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Coding is the new global language of literacy

Literacy is the ability to read and write in a specific language. Power of a language depends on the opportunities it offers. That’s why the Arab-Latin fusion was central to the dawn of modern civilization. Carly Fiorina, then CEO of HP, elaborated it at the end of her speech:

Although we are often unaware of our indebtedness to this other civilization, its gifts are very much a part of our heritage. The technology industry would not exist without the contributions of Arab mathematicians. Sufi poet-philosophers like Rumi challenged our notions of self and truth. Leaders like Suleiman contributed to our notions of tolerance and civic leadership. And perhaps we can learn a lesson from his example: It was leadership based on meritocracy, not inheritance. It was leadership that harnessed the full capabilities of a very diverse population–that included Christianity, Islamic, and Jewish traditions.

Language remains the major barrier to harnessing, what Fiorina said, “the full capabilities of a very diverse population.” Coding is the new lingua franca of 21st century, which defies barriers of language. And coding is no longer confined to the computer programmers’ walled gardens. Harvard’s Berkman Center for Internet & Society is training wide range of youth in computer programming by building on their interests in areas such as music, dance and sports.

Coding is the new literacy,” said Mitchel Resnick, professor of Learning Research at the MIT Media Lab and director of the Lab’s Lifelong Kindergarten research group. “To thrive in tomorrow’s society, young people must learn to design, create and express themselves with digital technologies.”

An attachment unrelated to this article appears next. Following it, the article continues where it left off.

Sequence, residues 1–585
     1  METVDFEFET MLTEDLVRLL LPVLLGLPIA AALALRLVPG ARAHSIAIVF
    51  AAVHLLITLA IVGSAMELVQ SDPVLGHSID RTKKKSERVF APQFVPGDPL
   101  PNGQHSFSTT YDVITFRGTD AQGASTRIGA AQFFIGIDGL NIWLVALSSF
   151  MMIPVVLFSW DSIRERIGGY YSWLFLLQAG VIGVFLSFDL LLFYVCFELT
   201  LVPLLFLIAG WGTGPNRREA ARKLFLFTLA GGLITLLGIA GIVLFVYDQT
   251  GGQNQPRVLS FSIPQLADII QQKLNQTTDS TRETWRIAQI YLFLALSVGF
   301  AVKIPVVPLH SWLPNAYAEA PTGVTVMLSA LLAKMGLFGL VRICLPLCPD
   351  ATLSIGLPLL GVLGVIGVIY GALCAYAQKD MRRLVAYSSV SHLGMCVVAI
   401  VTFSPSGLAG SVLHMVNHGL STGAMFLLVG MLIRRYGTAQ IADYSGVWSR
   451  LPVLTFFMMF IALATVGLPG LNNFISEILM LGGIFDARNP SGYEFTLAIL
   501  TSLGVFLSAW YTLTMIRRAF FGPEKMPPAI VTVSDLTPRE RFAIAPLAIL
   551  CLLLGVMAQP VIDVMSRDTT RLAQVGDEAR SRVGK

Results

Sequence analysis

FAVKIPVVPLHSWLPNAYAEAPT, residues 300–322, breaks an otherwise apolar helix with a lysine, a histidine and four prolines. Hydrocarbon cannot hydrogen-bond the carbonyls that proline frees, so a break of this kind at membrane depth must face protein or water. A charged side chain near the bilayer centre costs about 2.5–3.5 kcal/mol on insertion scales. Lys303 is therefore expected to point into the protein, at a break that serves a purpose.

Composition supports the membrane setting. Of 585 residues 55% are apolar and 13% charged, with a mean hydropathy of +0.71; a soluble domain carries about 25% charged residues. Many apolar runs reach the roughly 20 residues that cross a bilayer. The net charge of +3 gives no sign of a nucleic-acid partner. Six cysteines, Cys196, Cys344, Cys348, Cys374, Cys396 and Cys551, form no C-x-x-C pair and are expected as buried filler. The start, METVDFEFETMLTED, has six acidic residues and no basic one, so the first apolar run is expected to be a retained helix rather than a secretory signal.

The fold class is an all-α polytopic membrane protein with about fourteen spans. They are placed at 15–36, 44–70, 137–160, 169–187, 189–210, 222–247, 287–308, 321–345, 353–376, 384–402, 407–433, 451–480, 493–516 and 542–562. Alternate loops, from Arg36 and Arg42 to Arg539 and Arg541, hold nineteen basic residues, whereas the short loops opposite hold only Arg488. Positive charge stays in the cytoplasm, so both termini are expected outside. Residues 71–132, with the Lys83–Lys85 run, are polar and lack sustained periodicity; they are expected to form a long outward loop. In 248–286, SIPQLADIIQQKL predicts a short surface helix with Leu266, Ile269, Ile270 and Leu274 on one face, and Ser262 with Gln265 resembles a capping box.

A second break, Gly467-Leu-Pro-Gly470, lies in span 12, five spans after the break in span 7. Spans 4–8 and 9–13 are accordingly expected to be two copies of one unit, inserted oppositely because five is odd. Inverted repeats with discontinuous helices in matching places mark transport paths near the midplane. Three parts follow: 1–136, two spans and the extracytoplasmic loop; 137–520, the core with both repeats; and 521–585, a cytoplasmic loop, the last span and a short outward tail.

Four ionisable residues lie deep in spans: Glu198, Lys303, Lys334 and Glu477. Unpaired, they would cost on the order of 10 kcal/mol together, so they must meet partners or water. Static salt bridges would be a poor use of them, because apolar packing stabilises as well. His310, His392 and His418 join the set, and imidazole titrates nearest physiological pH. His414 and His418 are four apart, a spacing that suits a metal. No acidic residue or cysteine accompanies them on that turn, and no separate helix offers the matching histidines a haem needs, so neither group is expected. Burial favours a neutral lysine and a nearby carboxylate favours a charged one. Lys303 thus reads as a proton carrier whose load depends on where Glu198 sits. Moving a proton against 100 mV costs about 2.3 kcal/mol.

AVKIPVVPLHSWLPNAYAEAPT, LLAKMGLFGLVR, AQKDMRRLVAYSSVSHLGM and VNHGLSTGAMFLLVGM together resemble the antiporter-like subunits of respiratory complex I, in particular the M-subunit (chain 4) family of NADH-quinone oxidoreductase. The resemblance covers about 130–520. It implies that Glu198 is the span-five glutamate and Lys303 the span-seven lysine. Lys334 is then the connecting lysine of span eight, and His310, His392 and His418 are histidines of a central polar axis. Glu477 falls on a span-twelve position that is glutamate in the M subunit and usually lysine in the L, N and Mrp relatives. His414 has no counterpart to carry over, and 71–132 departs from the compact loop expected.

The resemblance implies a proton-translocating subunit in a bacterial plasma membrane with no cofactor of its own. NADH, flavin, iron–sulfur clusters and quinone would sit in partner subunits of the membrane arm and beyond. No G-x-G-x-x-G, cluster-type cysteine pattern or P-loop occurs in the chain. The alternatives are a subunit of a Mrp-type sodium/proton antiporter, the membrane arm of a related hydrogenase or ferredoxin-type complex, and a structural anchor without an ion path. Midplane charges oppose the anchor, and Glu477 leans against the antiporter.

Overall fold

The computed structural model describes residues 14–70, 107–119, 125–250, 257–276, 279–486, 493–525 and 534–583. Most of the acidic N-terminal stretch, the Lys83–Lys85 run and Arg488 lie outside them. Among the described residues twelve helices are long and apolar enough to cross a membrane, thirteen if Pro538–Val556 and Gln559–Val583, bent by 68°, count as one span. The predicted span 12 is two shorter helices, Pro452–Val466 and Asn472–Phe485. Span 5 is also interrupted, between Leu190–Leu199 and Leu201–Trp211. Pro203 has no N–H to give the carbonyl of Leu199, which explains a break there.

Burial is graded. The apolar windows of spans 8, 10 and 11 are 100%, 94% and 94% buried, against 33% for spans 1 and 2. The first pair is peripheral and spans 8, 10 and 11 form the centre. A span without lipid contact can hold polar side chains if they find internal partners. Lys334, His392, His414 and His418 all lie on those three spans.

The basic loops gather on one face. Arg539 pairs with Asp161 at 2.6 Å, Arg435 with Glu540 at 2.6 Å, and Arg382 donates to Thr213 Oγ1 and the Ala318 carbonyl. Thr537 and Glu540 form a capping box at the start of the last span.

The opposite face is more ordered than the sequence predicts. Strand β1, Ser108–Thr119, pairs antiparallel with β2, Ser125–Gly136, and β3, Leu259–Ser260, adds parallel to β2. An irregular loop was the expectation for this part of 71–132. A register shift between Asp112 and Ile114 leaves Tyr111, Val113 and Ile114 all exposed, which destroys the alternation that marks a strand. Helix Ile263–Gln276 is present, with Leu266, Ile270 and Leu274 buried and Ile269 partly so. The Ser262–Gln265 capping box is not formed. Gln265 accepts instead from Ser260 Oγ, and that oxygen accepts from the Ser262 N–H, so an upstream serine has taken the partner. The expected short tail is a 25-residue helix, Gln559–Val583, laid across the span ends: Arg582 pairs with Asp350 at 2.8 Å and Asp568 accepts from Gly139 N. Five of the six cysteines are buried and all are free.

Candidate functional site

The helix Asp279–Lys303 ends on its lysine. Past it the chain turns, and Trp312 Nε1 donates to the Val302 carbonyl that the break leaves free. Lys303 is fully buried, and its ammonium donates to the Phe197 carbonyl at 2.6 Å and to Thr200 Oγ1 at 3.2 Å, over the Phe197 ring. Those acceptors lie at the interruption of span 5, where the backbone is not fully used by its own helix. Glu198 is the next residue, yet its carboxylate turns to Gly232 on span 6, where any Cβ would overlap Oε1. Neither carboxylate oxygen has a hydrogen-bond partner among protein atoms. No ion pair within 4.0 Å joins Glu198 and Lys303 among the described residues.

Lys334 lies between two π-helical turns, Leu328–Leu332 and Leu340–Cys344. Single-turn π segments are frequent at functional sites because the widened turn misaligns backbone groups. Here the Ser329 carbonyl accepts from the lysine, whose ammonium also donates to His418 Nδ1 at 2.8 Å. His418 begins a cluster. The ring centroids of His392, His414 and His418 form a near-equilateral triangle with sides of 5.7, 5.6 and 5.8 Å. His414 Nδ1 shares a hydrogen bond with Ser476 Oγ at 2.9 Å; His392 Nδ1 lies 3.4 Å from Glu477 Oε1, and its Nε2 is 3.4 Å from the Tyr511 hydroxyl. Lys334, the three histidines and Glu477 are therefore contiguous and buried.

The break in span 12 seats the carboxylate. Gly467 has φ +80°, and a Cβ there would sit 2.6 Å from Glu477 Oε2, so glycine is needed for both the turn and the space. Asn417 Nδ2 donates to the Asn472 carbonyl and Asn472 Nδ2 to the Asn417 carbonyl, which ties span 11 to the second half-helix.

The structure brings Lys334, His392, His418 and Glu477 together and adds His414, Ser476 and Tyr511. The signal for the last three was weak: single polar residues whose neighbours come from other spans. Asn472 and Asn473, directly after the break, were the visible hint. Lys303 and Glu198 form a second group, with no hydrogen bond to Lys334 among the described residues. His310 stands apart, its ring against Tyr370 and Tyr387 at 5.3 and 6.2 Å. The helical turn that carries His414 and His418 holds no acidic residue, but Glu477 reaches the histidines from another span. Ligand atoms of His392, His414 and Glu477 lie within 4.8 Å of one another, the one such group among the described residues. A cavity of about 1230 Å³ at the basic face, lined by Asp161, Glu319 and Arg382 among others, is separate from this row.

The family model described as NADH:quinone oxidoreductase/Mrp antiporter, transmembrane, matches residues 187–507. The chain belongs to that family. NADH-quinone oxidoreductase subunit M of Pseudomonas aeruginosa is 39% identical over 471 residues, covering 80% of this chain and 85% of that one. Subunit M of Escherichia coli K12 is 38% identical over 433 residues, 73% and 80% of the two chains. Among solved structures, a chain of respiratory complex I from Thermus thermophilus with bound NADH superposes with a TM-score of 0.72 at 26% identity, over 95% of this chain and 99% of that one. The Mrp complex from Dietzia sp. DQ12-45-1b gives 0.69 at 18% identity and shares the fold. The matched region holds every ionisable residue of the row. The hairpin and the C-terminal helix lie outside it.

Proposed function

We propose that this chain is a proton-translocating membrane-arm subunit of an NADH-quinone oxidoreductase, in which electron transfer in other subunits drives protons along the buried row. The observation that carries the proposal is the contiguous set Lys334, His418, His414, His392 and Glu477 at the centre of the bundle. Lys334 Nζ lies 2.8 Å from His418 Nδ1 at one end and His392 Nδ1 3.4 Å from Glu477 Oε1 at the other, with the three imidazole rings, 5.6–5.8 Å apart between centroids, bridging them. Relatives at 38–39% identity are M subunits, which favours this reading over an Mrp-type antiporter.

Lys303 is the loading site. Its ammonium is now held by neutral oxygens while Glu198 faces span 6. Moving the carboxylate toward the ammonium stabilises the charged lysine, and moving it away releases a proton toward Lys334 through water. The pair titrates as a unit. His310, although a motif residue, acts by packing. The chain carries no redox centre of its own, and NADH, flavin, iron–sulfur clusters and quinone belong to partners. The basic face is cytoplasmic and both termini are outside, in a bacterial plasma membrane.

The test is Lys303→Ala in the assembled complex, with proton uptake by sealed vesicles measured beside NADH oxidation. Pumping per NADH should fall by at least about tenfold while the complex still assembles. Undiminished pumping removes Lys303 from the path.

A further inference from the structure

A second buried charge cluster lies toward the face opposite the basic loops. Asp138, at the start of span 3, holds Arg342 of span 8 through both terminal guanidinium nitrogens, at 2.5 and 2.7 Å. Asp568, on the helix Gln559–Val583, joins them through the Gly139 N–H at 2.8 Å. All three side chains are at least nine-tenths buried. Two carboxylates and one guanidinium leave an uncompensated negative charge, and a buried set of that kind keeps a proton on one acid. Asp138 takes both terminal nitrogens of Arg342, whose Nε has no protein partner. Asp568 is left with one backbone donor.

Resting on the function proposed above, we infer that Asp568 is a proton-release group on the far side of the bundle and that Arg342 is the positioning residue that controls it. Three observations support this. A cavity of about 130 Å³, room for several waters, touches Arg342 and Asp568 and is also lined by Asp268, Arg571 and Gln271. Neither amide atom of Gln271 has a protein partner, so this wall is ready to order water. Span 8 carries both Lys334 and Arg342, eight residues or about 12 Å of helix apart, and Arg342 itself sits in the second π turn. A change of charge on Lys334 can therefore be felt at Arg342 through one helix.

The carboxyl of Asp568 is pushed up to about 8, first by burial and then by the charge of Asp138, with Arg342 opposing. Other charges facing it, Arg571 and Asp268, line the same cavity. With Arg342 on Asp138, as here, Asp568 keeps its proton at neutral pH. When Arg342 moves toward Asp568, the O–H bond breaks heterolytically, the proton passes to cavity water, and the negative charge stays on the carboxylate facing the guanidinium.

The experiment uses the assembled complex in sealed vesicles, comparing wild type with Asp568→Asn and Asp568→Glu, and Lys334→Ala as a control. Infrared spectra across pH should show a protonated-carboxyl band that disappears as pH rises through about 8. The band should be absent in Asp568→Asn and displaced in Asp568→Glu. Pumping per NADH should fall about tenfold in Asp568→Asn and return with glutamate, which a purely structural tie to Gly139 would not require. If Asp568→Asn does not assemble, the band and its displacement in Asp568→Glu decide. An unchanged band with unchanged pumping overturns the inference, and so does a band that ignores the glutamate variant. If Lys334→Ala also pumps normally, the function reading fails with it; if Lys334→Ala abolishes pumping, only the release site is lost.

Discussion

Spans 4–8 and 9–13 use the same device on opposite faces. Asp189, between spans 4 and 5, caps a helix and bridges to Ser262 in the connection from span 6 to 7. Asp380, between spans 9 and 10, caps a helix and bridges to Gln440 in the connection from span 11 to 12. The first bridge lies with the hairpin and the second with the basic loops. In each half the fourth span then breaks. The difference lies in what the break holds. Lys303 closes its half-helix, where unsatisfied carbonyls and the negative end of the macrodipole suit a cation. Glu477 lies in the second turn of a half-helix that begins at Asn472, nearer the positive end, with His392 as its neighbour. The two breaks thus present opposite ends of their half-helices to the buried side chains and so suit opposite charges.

The new initiative extends the Lifelong Kindergarten group’s Scratch programming language, which enables young people to code their own interactive stories, games and animations. To ease the transition into coding, the MIT team is developing a series of interest-based “microworlds” — specialized coding environments designed to connect with young people’s interests. For example, those interested in dancing could use a microworld to program musical beats and the movement of dancing characters on the screen.

“The initiative has the potential to broaden perspectives and participation in coding, especially among youth who otherwise may not imagine themselves as interested in computer programming,” said Natalie Rusk, a learning researcher at the MIT Media Lab. “We have seen that youth who learn to program interactive games and animations gain confidence in their abilities and expand their visions of future career options.”

Here are the details of this revolution in progress.

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